Monday, March 19, 2007

It's Easier Than Being Here

During a search for something useful, I came across this mess instead. Yet another rambling tirade about how pathetic and lazy we are down here, how it's solely local government's fault, blah blah blah... I was wondering once again why it is that people from other places feel so secure in declaring what our problem is, especially when it's clear they haven't even had the decency to come see us in person.
"Of course, you see great swaths of destruction that haven't been touched for a year. Can you imagine your city or township doing nothing for over a year and a half? I can't. And of course, the British driver asks why the richest nation on earth hasn't done anything in New Orleans. It would be impossible to explain to him, that in America, no one is going to help those who won't help themselves in the first place."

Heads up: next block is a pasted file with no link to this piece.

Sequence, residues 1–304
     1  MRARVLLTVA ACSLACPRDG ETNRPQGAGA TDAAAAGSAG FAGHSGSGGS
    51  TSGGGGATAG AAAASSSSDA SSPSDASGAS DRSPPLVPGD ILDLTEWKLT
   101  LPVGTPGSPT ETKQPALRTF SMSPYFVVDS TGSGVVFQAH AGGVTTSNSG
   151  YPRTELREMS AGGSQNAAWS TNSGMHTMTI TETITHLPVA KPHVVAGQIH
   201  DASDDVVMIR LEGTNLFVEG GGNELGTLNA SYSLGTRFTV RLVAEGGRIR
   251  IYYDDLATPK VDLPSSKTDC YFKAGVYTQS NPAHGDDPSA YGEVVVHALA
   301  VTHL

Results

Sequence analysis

Then it occurred to me: it's much easier to do that than it is being here because if you've been here, even for a brief visit, you'll have no choice but to sit in despair for a moment once the enormity, the senselessness, and the continuing injustice of it all hits you. It's easier to say the people of Mississippi have their shit together and are already well on the road to recovery than it is to acknowledge that even though we had more damage, Mississippi continues to receive more money. It's not as easy to see the more balanced reality, to go to the coast and see the FEMA trailers still sitting beside Mississippi slabs because Mississippi didn't include them in their rebuilding program.